Your immune system protects you from harmful pathogens, like viruses or bacteria. But, sometimes, your immune system goes haywire and identifies a food as a potential danger. This results in a food allergy where your immune system reacts in a way to protect you from the perceived danger.
Food allergies affect about 8% of children. Symptoms often show up in babies or children, but really can occur at any time.
Food allergy symptoms can show up as mild or severe. In some cases, food allergies can cause life-threatening anaphylaxis.
At First Pediatric Care Center in Gastonia, North Carolina, our pediatrician, Dr. Margaret Lubega, specializes in identifying, monitoring, and treating food allergies. Here’s what she wants you to know about the symptoms of food allergies, and when you should be sure to get emergency help.
Common food allergies
Any food can cause an allergy, but the most common allergens are:
- Tree nuts
Sesame is also a common allergen and will be on labels as such starting in 2023. In 90% of cases of food allergies, one of these foods is the cause.
Symptoms of food allergies
Food allergies don’t only show up as gastrointestinal symptoms. Your child’s immune system may react by affecting many other systems of the body, including the skin, respiratory tract, and cardiovascular system.
Food allergies can cause:
- Hives or a rash
- Vomiting or stomach cramps
- Shortness of breath
- Trouble swallowing
- Swelling of the tongue
- Weak pulse
- Pale skin
These symptoms usually show up within a couple hours of eating the offending food. Sometimes, symptoms appear within just a few minutes.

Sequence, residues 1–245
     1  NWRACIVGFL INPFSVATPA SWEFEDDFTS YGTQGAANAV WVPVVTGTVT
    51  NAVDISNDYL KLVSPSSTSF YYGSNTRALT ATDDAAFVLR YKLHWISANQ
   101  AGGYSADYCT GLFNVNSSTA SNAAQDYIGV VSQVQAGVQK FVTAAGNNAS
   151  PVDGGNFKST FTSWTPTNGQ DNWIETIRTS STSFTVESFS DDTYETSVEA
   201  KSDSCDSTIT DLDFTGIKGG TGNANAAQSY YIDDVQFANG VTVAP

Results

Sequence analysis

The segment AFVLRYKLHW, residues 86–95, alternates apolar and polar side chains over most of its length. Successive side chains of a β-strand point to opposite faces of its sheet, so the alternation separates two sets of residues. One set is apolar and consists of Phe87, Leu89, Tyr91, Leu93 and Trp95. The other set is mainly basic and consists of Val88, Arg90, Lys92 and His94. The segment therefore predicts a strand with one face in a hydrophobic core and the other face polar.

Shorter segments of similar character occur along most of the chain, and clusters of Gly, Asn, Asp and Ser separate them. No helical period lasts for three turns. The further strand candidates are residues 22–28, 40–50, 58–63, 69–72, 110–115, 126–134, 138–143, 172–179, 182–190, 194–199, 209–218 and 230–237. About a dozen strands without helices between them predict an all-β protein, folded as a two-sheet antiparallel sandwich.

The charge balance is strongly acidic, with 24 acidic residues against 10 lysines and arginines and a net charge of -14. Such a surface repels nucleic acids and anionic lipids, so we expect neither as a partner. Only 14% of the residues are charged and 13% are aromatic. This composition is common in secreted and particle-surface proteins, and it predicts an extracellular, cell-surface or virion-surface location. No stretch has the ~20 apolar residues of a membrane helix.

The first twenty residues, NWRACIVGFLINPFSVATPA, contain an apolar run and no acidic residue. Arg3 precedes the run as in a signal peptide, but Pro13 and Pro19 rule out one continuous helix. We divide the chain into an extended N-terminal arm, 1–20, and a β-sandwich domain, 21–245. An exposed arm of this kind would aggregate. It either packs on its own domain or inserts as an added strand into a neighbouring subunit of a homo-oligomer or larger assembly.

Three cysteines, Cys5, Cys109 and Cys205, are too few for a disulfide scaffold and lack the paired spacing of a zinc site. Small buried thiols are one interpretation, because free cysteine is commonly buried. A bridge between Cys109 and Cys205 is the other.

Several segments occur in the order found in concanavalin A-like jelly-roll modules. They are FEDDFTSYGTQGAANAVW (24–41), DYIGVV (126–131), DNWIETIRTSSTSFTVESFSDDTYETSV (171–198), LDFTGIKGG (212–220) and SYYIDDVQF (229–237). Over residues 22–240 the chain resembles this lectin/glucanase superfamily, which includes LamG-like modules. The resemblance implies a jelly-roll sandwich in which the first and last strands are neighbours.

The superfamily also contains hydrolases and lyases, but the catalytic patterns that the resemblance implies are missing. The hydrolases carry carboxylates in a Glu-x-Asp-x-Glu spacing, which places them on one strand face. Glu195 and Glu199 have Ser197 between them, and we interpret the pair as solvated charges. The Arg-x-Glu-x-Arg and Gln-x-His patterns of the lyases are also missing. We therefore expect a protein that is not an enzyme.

It’s rare, but food-allergy symptoms can be delayed 4-6 hours or longer. In these cases, the symptoms are usually in kids who develop eczema as a food allergy symptom.
Symptoms can also worsen over time. At first, your child may have a very mild reaction to a certain food, only to find that it becomes more severe each time they eat the reactive food.
Deadly food allergies
Anaphylaxis is a potentially deadly reaction to a food. It may cause tongue and airway swelling that interferes with the ability to breathe and sends the body into shock. Other symptoms of anaphylactic shock include dramatic drop in blood pressure and changes in heart rate.
Typically, symptoms of an anaphylactic reaction occur within a few minutes of exposure to a trigger food. If not treated promptly, anaphylaxis can be fatal.
Treating food allergies
Avoiding foods to which your child is allergic is the best way to prevent symptoms. Dr. Lubega can help you figure out foods to avoid and how to make dietary substitutions, if needed. She’ll also help you learn how to decipher the allergy information on food labels.
Treatment for anaphylaxis is a shot of adrenaline using an epinephrine pen. If your child has a severe allergy that could cause anaphylactic shock, we prescribe epinephrine pens for you to have nearby at all times. It’s a good idea to carry one with you, to have one with their teacher or school nurse, and, when old enough, to carry one themselves at all times. Use the epinephrine pen at the first sign of allergy symptoms.
Dr. Lubega teaches you how to use your auto-injector. And if your child is of school age, she can help you create an emergency action plan for preventing, recognizing, and managing food allergies when at school or on field trips or sports trips.
If you suspect your child has a food allergy, call us at First Pediatric Care Center to get them tested. We can help you manage their allergy so they can live a normal, healthy life.